Mayoral candidate Gord Steeves promises to kill phase two of the city’s rapid transit plans if elected, a dramatic flip from what he said earlier this year.
“I believe building this phase of BRT would be a monumental mistake for our city and would be one we would regret for decades to come,” Steeves said on Friday. “This project could become Winnipeg's Bi-Pole.”
- Coun. Browaty cans rapid transit expansion, wants referendum
- City report lays out plan for Phase 2 of Winnipeg rapid transit
City council has already approved the $600 million project that will see a bus rapid transit line go from Jubilee to the University of Manitoba through the Parker Lands near Pembina Highway.
“If we are to address the issue of infrastructure, there's going to be a lot better ways to address it than, I think, spending the money on a phase that again, in a context of true city building, will do more harm than good,” said Steeves.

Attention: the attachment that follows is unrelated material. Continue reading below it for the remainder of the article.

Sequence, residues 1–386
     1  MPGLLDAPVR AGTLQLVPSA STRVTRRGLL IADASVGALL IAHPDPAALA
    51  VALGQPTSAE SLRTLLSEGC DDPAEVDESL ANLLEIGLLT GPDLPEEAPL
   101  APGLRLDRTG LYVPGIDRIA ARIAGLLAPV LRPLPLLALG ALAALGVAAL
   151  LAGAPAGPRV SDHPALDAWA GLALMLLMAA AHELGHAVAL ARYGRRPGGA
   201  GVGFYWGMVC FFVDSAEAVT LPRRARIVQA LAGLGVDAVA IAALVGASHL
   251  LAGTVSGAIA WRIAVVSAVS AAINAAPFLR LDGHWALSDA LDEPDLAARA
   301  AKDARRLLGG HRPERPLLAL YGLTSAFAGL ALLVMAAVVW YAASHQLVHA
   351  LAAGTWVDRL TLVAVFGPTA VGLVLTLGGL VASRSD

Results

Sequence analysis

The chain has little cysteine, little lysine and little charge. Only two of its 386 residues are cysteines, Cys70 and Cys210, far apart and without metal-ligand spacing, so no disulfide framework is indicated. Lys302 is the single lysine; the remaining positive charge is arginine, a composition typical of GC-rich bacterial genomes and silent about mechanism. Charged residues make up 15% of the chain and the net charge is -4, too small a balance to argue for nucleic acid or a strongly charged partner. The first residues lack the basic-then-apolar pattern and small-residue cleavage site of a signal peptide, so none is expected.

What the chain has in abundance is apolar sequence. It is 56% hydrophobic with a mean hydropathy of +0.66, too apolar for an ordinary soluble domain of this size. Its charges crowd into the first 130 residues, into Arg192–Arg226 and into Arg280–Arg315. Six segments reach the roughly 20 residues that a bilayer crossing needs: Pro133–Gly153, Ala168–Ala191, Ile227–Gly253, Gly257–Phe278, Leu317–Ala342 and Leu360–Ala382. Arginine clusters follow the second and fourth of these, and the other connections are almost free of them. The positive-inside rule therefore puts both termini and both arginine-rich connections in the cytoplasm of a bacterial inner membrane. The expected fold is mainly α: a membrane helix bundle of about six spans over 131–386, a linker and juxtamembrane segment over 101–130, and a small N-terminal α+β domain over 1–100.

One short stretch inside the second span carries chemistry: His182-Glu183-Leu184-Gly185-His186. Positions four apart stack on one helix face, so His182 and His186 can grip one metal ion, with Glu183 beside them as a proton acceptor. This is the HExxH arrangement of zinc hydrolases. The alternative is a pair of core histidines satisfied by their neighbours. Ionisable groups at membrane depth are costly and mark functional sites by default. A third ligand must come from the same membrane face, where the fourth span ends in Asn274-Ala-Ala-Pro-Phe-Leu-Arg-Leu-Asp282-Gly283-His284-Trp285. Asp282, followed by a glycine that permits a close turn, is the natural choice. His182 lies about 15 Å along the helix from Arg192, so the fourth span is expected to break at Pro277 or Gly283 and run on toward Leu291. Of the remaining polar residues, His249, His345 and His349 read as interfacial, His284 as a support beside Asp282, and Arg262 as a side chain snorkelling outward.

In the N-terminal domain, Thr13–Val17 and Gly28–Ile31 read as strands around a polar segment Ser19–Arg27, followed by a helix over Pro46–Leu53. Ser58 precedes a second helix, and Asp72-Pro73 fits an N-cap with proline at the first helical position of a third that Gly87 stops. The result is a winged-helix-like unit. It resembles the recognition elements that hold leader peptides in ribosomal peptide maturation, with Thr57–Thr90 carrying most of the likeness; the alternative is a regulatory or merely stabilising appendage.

Steeves comments come just months after he told CBC he supported building the second phase.
Steeves told CBC, “Someday, the City of Winnipeg is going to need a full light rail system ... I don't think the people of Calgary regret putting in their light rail system. We are going to need that."
Fellow candidates were quick to call Steeves on the apparent flip-flop.
“We don't need someone with these traits running our city. His manipulative 180-degree reversal on this is at best sheer political opportunism,” said Coun. Paula Havixbeck, who is also running for mayor.
Steeves said late Friday the reason for the switch was a BRT report released in June.
"The comments in the CBC story predate the June 23, 2014 city council meeting where the BRT report was passed. The analysis of phase 2 of the BRT plan did not hold up under greater scrutiny,” Steeves wrote in a statement.
Havixbeck and candidate Brian Bowman both support the plan for phase 2 of BRT.
Design work on the project will be completed this year, and the line is projected to be built by 2020.
Winnipeggers go to the polls Oct. 22.